In addition to Wood’s Oscar® nomination for Love with the Proper Stranger, the film received nominations for Best Art Direction-Set Decoration, Best Black-and-White Cinematography, Best Costume Design, and Best Screenplay. It earned Golden Globe nominations in the top dramatic acting categories for both its stars, plus Wood received Second Place in the Golden Laurel Award for Best Female Dramatic Performance (from the Producers Guild of America) and won the Best Actress award at Argentina’s Mar del Plata Film Festival. Screenwriter Arnold Schulman was also nominated by the Writers Guild of America. The film’s theme song – music by Elmer Bernstein, lyrics by Johnny Mercer, recorded by Jack Jones – was number 62 in the Billboard Top 100 singles for 1964.

The Paris premiere of Love with the Proper Stranger, and the party following the screening at Maxim’s, the city’s most famous restaurant, raised substantial money for charity. McQueen attended, and his international stardom was evident in an exclusive cover story in Paris Match and by the screaming horde of fans outside his hotel.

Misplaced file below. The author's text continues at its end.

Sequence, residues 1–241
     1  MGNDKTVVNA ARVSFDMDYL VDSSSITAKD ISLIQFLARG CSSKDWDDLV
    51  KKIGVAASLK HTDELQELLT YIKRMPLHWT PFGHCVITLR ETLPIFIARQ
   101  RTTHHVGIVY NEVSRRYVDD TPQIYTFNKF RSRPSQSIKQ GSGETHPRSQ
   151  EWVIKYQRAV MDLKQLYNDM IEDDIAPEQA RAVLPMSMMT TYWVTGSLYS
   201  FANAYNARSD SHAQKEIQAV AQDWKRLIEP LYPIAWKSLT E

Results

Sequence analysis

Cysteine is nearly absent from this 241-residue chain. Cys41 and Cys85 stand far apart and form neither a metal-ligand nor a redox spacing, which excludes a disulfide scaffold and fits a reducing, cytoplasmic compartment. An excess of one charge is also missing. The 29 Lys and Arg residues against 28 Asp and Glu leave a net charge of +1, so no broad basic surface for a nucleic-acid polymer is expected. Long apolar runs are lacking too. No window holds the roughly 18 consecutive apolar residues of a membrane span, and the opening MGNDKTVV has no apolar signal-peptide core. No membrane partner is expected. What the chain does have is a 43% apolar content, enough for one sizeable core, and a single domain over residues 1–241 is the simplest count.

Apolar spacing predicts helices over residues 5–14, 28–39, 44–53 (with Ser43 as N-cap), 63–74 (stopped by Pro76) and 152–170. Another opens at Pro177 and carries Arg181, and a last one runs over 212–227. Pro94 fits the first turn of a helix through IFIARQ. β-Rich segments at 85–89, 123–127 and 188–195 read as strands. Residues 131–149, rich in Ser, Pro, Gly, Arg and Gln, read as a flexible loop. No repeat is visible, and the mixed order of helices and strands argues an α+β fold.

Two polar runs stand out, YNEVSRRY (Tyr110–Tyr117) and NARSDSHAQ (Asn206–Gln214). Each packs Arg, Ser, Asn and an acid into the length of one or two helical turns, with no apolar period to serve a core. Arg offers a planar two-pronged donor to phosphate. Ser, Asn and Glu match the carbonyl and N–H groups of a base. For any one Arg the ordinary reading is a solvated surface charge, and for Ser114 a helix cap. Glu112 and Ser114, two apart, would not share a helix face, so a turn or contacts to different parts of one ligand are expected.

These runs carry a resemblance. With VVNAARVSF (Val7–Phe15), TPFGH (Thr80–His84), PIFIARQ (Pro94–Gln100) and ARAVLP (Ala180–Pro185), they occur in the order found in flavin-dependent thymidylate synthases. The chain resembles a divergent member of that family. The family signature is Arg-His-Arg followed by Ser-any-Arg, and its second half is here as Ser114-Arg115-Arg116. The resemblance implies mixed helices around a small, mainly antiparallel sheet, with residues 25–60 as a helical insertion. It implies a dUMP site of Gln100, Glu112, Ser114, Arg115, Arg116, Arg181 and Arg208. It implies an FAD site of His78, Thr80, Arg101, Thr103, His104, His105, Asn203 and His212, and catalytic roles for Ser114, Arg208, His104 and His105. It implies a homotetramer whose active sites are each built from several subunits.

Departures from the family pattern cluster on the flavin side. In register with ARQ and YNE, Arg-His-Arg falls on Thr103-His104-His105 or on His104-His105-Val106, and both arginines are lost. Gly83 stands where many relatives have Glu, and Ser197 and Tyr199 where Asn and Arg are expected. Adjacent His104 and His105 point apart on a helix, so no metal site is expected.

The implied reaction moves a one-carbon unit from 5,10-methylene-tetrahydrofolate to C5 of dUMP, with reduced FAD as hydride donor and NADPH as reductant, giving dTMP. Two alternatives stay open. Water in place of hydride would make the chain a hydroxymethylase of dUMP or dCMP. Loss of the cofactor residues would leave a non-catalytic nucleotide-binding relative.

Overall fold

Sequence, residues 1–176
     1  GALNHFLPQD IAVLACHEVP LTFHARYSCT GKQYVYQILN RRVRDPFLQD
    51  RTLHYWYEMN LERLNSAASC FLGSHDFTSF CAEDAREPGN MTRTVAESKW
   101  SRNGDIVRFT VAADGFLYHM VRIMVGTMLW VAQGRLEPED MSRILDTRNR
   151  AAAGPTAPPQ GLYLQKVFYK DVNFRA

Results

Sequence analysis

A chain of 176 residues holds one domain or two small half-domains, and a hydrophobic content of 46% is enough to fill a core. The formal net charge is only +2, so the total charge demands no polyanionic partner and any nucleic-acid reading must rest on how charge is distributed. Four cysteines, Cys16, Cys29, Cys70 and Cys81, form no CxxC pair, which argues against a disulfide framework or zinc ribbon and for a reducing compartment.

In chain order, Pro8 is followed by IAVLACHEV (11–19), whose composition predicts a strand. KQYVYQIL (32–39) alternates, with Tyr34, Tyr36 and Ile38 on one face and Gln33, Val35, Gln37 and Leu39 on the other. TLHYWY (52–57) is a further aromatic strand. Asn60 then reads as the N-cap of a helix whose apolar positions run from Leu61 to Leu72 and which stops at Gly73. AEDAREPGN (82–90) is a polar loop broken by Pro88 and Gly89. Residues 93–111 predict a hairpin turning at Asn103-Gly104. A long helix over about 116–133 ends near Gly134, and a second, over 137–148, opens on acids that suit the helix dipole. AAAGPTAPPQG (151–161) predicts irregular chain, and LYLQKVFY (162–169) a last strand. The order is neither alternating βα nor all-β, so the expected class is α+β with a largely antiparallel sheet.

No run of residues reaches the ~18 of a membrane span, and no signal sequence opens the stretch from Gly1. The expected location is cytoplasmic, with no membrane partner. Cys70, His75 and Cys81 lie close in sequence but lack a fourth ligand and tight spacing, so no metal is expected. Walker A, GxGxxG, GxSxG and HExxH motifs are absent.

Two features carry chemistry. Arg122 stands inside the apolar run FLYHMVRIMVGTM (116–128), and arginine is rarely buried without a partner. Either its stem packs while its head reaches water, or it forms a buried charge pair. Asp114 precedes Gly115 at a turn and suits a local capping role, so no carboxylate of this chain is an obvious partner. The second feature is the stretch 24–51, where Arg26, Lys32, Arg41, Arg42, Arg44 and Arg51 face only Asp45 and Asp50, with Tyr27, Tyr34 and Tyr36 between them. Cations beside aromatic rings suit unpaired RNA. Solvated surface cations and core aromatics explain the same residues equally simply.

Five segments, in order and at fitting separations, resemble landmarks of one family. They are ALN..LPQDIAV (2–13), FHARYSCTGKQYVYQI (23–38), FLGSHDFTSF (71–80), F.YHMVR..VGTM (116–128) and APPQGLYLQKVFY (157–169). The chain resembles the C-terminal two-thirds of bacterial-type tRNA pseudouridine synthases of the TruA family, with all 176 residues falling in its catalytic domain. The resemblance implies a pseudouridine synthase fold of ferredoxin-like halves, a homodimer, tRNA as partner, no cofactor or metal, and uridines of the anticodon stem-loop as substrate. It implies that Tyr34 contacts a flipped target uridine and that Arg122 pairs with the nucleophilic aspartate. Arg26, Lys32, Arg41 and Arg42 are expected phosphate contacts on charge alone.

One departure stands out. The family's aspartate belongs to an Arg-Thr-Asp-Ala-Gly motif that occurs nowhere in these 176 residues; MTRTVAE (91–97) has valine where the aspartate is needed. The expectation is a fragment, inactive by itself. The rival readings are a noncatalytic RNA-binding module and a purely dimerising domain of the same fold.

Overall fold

None of the lead actors – Wood, McQueen, Herschel Bernardi and Harvey Lembeck (as Wood’s overprotective brothers) – were Italian-American like their screen characters. McQueen’s first acting break was replacing Ben Gazzara on stage in the play A Hatful of Rain, another role in which he played an Italian-American though he felt he was never convincing as that ethnic type.

Love with the Proper Stranger was the debut of Tom Bosley, who later found fame as dad Howard Cunningham in the long-running TV sitcom Happy Days. Also appearing in a small uncredited role is the director’s brother Richard Mulligan, best known years later as a featured actor on the hit television spoof Soap and in the Blake Edwards Hollywood satire S.O.B. (1981).

Director: Robert Mulligan
Producer: Alan J. Pakula
Screenplay: Arnold Schulman
Cinematography: Milton Krasner
Editing: Aaron Stell
Art Direction: Roland Anderson, Hal Pereira
Original Music: Elmer Bernstein
Cast: Natalie Wood (Angie Rossini), Steve McQueen (Rocky Papasano), Edie Adams (Barbie), Herschel Bernardi (Dominick Rossini), Anne Hegira (Beetie), Harvey Lembeck (Julio Rossini).
BW-101m.

by Rob Nixon

The Truth Must be Told